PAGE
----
Consumerism and Identity
Regardless of whether the ideologies, or beliefs that have become attached to popular commodities have been placed there intentionally or not, the “cultural work” that these American products perform must be examined. This “cultural work” functions by implying to audiences, or consumers, of cultural products, that they should think or feel a certain way, and that buying this consumer product ultimately means that the consumer is buying into the ideology attached to it. For example, McDonalds is known around the world, and there is a McDonalds restaurant in nearly every country in the world today.
The beliefs attached to McDonalds’ products on the surface reveal family values, fun, and enjoyment. However, underneath the surface, it is merely fast food, that is produced in mass quantities. The identity that is formed by consumer products is very powerful, and can affect the attitudes and beliefs of those who purchase them. To be defined in some way by the products that a society consumes has become a facet of capitalism. What kind of coffee do you drink? What music do you listen to? Do you own an i-Phone? What does that say about you as a person? What does that say about your personal identity? These are all questions that relate to the consumerist culture’s formation of identity.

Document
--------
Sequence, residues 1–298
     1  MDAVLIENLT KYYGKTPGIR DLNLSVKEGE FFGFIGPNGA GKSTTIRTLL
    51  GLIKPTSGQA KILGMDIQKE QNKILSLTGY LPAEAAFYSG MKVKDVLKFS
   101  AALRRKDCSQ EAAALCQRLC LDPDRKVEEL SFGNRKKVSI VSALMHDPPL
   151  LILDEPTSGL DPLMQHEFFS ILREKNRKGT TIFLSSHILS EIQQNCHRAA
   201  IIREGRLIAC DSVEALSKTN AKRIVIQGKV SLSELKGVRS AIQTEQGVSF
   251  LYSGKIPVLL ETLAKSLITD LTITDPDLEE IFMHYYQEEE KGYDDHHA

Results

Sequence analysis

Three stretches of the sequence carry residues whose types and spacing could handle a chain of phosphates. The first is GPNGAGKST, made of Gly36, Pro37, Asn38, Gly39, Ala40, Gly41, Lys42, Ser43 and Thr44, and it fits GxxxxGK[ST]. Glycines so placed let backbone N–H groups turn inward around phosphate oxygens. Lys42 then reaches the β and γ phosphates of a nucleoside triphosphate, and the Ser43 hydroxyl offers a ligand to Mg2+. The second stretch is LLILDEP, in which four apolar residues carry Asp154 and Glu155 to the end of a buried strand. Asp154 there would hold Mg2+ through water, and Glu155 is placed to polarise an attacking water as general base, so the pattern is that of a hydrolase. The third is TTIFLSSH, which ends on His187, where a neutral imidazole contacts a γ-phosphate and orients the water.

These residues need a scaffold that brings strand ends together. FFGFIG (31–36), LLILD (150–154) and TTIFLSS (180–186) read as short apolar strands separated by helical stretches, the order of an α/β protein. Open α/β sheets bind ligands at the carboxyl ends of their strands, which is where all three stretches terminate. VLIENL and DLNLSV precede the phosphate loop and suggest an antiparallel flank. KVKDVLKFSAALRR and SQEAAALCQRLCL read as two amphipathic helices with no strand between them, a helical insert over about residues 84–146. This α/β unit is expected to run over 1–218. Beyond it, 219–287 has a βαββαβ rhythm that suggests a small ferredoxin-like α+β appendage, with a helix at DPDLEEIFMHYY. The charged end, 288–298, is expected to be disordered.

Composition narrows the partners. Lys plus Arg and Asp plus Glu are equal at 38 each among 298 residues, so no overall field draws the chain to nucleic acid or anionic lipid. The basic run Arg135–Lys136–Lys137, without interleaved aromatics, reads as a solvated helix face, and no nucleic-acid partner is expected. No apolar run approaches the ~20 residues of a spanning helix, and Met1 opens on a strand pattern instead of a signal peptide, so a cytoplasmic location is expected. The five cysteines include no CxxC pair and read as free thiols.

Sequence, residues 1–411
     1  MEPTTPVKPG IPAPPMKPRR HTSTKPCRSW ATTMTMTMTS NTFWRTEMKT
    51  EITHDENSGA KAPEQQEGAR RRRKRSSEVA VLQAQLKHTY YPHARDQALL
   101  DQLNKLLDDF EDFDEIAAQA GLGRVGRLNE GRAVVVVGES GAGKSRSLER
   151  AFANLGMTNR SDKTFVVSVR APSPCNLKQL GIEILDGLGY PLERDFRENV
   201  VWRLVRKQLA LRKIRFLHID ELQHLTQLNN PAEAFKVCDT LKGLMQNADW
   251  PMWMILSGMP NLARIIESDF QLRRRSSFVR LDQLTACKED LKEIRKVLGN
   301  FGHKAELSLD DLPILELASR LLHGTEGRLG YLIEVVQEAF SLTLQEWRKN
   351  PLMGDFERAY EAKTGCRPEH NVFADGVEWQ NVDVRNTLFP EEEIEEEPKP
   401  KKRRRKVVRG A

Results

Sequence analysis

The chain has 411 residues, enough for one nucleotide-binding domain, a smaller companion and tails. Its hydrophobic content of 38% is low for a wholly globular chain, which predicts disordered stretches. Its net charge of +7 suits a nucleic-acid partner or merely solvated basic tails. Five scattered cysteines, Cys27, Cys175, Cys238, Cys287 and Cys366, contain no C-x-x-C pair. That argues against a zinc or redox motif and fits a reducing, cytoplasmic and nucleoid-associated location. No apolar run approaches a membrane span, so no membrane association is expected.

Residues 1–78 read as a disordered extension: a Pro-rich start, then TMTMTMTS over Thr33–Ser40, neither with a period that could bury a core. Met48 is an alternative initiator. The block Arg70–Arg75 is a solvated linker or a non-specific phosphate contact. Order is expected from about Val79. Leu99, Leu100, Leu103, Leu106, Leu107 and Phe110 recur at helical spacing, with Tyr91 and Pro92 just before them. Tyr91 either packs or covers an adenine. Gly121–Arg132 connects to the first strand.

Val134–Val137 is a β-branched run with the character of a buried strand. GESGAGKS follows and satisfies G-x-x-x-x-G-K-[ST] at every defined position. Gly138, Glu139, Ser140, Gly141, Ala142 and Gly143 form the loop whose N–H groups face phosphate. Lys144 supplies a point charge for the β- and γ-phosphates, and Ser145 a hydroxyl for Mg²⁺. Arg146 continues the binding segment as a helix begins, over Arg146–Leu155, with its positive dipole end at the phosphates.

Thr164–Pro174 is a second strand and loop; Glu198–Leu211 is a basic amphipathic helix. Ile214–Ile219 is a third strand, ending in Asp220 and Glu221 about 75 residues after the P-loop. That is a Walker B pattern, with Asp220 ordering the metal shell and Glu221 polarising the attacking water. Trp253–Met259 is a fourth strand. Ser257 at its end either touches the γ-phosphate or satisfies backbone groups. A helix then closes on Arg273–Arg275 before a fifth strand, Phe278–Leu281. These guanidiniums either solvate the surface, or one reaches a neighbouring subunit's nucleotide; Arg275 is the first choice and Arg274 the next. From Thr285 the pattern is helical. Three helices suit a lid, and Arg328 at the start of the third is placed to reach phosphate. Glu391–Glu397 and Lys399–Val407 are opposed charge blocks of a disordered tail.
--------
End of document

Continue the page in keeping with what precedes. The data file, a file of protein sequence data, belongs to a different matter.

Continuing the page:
Making Meaning from Products
Popular culture is multi-directional, and multi-faceted. Although audiences, or consumers might appear to accept the ideologies that are attached to the products they purchase, they often reject them. Moreover, while cultural industries create products that are targeted specifically at demographic aspects of a population such as age, race, education, economic status, etc., it is the individual who creates meaning from the products they consume. Thus, the idea that American culture can homogenize, or make other cultures the same as it through the spread of consumerism, is not always applicable. Given the controversial nature of cultural imperialism, and Americanization, it is important to look at all the facts before making a decision about the validity of the arguments for and against it.